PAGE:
DC Mythbusting: Tourist Tips

Photo courtesy of
‘Souvenir City 1086’
courtesy of ‘yospyn’

Dear DC Tourists, Interns, and Other Newbies,

Welcome to the District!  While we love to complain about you, we’re actually really glad you’re here.  Many of us were in your shoes at one point, and DC can be a little overwhelming when you first get here.  So we’ve compiled a special DC Mythbusting just for you!  Read on for the little secrets that DC residents know, including the best ways to get around the city, the real can’t-miss destinations you’ve never heard of, and the best way to see the Mall.

Love, DC

Photo courtesy of
‘where are we?’
courtesy of ‘philliefan99’

Myth #1: Metro is the only way to get around the city. Yeah, it’s a pretty cool system, and it’s easy to understand.  But it is not the only way to see the city, and it’s often not necessary to take the Metro from one place to another.  Here are a couple pointers:

  • The Circulator is just as easy to understand as the Metro system, it’s only $1, and it takes you everywhere you want to go: the Mall,  Georgetown, Union Station, the White House, Adams Morgan, Nationals Stadium, and more.
  • Smithsonian isn’t the only Metro station to see the Mall.  Foggy Bottom/GWU gets you pretty close to the Lincoln Memorial, and Capitol South drops you off right next to the Capitol, Library of Congress, and Supreme Court.
  • Metro Center and Gallery Place/Chinatown are just 2 blocks from each other, so there’s no need to get on at one station and transfer at the other.  Just walk there.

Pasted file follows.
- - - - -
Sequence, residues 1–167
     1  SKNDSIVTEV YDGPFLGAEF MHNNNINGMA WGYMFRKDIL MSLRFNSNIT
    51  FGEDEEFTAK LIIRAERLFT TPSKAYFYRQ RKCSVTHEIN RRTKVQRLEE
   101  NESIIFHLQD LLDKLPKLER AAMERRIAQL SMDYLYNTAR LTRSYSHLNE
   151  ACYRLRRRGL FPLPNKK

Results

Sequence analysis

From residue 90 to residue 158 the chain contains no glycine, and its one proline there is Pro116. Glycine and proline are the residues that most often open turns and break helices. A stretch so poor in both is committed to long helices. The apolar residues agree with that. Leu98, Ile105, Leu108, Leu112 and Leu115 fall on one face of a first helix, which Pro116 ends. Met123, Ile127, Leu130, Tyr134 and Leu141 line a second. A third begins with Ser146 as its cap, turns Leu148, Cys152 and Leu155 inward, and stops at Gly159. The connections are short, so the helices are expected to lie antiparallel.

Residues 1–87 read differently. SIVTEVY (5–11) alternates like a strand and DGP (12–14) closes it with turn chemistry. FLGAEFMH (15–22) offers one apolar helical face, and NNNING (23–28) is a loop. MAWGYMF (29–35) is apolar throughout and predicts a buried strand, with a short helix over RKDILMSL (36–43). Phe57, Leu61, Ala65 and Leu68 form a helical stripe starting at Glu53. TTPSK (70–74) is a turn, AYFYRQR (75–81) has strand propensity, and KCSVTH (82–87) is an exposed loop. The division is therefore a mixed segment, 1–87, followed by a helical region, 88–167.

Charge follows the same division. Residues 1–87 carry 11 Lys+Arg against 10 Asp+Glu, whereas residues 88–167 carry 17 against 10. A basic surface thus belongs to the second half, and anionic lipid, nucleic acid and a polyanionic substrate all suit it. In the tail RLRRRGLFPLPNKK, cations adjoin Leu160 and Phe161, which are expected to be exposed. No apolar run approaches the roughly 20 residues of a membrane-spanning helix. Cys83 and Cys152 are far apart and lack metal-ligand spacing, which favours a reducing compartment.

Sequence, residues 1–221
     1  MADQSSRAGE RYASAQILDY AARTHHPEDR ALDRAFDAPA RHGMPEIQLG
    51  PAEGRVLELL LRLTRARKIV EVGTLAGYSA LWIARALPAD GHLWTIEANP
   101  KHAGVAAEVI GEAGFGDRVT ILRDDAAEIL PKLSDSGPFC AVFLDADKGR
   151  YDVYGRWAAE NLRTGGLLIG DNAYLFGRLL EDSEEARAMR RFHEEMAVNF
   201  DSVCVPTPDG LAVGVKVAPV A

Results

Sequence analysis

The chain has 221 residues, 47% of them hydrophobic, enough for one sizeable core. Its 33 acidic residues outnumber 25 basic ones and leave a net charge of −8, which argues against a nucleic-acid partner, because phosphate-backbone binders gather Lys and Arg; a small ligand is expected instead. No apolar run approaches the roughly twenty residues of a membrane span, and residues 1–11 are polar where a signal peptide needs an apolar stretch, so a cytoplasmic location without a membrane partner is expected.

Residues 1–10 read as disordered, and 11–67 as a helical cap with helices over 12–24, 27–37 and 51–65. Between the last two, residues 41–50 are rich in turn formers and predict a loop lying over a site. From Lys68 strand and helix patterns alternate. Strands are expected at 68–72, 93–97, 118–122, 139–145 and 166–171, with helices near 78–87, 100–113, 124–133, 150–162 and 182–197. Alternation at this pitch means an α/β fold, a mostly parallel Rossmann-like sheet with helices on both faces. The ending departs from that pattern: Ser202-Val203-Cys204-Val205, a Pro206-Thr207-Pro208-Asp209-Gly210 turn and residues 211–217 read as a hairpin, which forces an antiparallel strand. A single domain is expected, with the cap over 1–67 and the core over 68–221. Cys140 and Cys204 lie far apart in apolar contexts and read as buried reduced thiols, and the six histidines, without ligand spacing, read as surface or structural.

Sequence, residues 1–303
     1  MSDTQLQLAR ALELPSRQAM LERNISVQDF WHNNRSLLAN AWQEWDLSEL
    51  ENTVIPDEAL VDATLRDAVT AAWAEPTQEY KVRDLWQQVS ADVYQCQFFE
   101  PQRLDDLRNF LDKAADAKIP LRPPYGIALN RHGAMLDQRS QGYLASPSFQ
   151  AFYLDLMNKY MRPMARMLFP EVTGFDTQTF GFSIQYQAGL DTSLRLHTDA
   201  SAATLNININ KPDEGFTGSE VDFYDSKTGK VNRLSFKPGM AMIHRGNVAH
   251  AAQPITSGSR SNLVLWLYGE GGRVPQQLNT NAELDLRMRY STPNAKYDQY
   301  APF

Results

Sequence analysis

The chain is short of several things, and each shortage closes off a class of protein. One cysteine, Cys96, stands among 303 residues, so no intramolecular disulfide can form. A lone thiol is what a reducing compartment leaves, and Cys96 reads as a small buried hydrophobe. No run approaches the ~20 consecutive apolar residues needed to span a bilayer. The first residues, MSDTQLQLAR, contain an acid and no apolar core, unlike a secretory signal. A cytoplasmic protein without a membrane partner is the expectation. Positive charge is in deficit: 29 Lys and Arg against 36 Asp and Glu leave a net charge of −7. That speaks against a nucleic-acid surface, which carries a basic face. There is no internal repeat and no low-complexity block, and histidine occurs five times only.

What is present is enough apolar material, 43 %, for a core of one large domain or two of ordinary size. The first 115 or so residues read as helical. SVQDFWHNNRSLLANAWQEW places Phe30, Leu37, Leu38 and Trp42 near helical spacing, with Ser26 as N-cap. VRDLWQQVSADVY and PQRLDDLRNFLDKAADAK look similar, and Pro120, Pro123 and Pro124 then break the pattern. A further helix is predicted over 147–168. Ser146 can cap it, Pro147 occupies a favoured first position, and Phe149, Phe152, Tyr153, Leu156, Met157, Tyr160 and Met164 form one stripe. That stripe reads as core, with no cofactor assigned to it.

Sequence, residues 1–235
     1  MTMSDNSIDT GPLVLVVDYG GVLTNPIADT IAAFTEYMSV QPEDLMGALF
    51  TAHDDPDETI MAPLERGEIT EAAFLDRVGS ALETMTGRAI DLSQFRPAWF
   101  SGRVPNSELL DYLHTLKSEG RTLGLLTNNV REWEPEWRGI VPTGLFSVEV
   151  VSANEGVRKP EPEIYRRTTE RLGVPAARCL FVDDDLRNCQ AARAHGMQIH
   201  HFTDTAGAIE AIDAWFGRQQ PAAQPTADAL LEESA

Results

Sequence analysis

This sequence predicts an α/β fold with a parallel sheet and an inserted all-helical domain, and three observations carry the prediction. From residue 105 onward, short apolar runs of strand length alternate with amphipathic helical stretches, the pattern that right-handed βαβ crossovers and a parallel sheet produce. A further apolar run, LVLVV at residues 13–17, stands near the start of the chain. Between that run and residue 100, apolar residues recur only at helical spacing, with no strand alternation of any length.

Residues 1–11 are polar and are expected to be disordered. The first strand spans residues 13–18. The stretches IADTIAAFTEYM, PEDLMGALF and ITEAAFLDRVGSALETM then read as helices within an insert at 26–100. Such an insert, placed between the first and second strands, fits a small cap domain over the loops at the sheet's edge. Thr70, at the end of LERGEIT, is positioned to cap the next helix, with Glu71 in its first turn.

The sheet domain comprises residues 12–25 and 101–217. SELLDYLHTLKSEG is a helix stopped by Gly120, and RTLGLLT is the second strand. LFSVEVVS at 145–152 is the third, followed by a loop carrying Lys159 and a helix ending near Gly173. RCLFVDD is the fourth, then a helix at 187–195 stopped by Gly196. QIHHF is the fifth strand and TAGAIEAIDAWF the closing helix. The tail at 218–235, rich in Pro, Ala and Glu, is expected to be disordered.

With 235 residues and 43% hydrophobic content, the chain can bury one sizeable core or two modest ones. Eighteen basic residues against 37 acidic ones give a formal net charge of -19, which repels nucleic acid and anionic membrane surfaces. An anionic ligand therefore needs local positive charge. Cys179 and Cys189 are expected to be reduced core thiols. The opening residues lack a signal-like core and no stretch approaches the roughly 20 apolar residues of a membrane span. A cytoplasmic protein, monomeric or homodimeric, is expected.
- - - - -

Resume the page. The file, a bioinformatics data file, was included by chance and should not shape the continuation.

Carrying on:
• The Woodley Park/Zoo Metro isn’t your best option for getting to the National Zoo.  The Cleveland Park station is a tiny bit closer, and you can walk downhill to the Zoo, rather than trekking uphill.  Also, Dave Stroup says, “You can get to the zoo from the east side. I can walk from my apartment near 16th and Columbia and be inside the zoo in less than 15 minutes.”
  • And last, but not least, Dave Levy shares this: “Not a myth, but a fact: Standing on the left of the escalator will get you punched in the neck by disgruntled Metro riders who think they have a God-given right to walk down an escalator unimpeded.”  So please stand to the right, and understand why Metro can’t spell it out for you.

Photo courtesy of
‘Purple and gold’
courtesy of ‘erin m’

Myth #2: The best museums/food/attractions DC has to offer are all located around the Mall. Sure, the Smithsonian museums are fantastic, and the monuments and memorials are important to see.  But is it really worth it to battle the crowds and get the same cookie-cutter DC experience?  Here are a couple pointers on what to see, and some of the best-kept secret attractions:

  • The National Building Museum is one of DC’s best-kept secrets.  It’s just a few blocks off the Mall, and it’s full of interesting exhibits about the history of our city and the architecture of America.  There are great interactive elements for kids, and right now it’s hosting an exhibit that features LEGOs.
  • Get off the Mall.  As Patrick says, “Most tourists will want to tackle The Mall from Capitol to Lincoln. However I recommend the FDR as an off the beaten path place to visit.”  It will take you right by the Tidal Basin and you’ll come out of it appreciating our 32nd President.
  • Our food guru Katie has this advice: “Ben’s Chili Bowl/Old Ebbitt/Occidental: not the best restaurants in town.” Check out her favorite places from last year to get an idea of what else is out there.
  • Experience the Mall away from the crowds.  Ben has two great recommendations: “The Old Post Office is a great vantage point to see the city, without the crowd and hassle the Monument brings,” and “The Mall is much nicer to visit in the evening, after the sun starts to set. It’s well-lit, fewer people, quieter, and a lot easier to find meter parking. Plus, you have the Capitol and the Monument lit up nicely.”